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9 Tips on EMV Fraud Liability Shift for Merchants

The nationwide adoption of EMV chip cards and processing technology brought a major change in the US. This was something different from what people used to have – mag stripe cards. Are you a merchant interested in EMB fraud liability in the US? Just keep on reading this article and you’ll learn more about it.

EMV Liability Shift in the US

EMV was implemented in the US a few years ago. As in other countries, the goal was to reduce card-present fraud in the US. For POS (Point of Sale) transactions, the majority of US payment networks implemented EMV fraud liability shifts in October 2015.

Some networks implemented or announced liability shifts for ATMs and/or automated fuel dispensers (AFDs) as well. The AFD or automatic fuel dispenser was an exception. Its fraud liability start date was set for October 2017.

October 2015 was applicable across all global payment networks. American Express and Discover, as well as MasterCard and Visa were among them. The fraud liability shifts for ATMs came into effect in October 2016 for MasterCard. When it comes to the other payment networks, the fraud liability shifts took effect from October 2017.

Let’s take Visa chip cards. They protect in-store payments through the generation of a unique, one-time code. The latter is required for the approval of transactions. Thanks to this feature, it becomes virtually impossible to counterfeit cards. As a result, in-store fraud is being eliminated.

With all this in mind, you, as a merchant, should take the right steps to protect your business from payment processing fraud. Working with a reputable payment processor like, you can enjoy the best security and protection for your online business. EMB, #1 high risk credit card processing company in the US, can help you with EMV fraud liability and provide unmatched chargeback protection in the industry.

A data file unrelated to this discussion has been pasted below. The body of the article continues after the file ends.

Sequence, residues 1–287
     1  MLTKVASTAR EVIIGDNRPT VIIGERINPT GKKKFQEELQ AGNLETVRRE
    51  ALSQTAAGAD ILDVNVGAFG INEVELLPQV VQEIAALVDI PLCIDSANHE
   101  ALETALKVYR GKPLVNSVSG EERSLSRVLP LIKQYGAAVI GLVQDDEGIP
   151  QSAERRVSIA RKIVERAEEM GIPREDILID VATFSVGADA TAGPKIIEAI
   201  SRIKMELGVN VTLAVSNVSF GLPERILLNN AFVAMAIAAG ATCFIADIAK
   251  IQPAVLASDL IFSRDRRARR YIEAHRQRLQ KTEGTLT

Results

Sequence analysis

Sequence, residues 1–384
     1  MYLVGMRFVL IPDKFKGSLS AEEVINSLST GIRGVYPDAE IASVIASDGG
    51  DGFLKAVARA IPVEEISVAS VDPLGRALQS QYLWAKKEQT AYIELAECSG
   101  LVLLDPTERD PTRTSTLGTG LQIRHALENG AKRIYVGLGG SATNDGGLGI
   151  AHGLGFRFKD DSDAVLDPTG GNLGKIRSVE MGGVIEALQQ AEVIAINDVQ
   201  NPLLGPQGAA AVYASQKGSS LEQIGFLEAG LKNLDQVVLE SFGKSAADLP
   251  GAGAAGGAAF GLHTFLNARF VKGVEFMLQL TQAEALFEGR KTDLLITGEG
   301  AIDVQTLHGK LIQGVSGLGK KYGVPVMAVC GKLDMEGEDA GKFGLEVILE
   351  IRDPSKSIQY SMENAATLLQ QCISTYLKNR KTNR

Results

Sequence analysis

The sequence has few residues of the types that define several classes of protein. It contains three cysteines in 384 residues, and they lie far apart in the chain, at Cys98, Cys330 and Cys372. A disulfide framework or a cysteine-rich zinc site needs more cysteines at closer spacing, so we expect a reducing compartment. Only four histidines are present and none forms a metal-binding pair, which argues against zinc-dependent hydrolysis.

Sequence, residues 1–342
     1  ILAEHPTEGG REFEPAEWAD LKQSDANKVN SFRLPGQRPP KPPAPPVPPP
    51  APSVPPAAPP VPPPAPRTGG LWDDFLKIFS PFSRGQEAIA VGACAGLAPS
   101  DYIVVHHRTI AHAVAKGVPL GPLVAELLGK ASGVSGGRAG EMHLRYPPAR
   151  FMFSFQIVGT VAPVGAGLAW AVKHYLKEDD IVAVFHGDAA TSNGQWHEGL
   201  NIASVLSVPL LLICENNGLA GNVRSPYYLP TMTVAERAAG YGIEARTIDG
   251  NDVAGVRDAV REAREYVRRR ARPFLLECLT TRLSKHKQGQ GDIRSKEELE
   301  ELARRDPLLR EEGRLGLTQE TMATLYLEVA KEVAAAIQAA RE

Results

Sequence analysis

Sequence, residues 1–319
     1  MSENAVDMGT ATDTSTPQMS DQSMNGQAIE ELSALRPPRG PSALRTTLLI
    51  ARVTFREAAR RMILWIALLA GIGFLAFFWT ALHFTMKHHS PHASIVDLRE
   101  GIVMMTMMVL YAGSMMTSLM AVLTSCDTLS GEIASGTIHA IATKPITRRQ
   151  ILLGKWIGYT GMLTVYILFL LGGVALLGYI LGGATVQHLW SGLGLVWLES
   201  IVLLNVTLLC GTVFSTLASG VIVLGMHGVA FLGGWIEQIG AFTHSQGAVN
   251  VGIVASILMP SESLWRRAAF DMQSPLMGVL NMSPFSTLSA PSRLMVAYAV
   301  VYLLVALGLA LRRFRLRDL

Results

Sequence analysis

The counterfeit card liability shift refers only to transactions where the user presents a counterfeit magnetic stripe to a POS terminal that doesn’t support (at a minimum) contact chip EMV. Let’s move forward and find out more details concerning the EMV fraud liability for merchants.

EMV Fraud Liability for Merchants

Here are important tips on EMV fraud liability for merchants:

  1. The US is the only country where counterfeit card fraud is increasing on a consistent basis. The shift aimed to encourage faster adoption of EMV payment technology.
  2. The liability shift is focused on incentivizing chip protection. Merchants get liability protected once they get a terminal and start accepting chip cards. This is just vice versa for issuers.
  3. What about a chip card being used at a traditional magnetic stripe-only terminal? If the purchase is a counterfeit transaction, the merchant will be held liability. The reason is that the issuer has made the investment in chip technology for the purpose of making transactions more secure, while the merchant didn’t invest in upgrading to chip.
  4. What about a chip card being used at a chip-enabled terminal activated by the merchant? If the purchase is a counterfeit transaction, the merchant won’t be held liable. The issuer will still be responsible for counterfeit fraudulent activities.
  5. The EMV liability shift doesn’t refer to card-not-present (CNP) transactions, as well as lost and stolen fraud. In these cases, you deal with the existing liability and chargeback rules.
  6. What about a magnetic stripe card being used at a magnetic stripe terminal? The issuer will be held liable for fraud.
  7. If a Mastercard, American Express or Discover Card is used to commit fraud, the issuer will be held liable for chargebacks, unless the card is a PIN credit/debit one, and the accepting merchant wasn’t able to process the card as a chip card and had to swipe the mag stripe instead.
  8. Even if your most payments are completed online, you’ll still be held liable for the in-store payments, unless you own a gas station.
  9. Merchants who aren’t ready yet, shouldn’t worry. October 1, 2015 was the official date of the liability shift, which will be applicable if fraud occurs. However, in case you haven’t made the transition to EMV yet, choose the right time for you and do it.

The EMV liability shift is called to protect the entity offering an added layer of security. Also, it holds the other entity offering less secure systems responsible for payment fraud.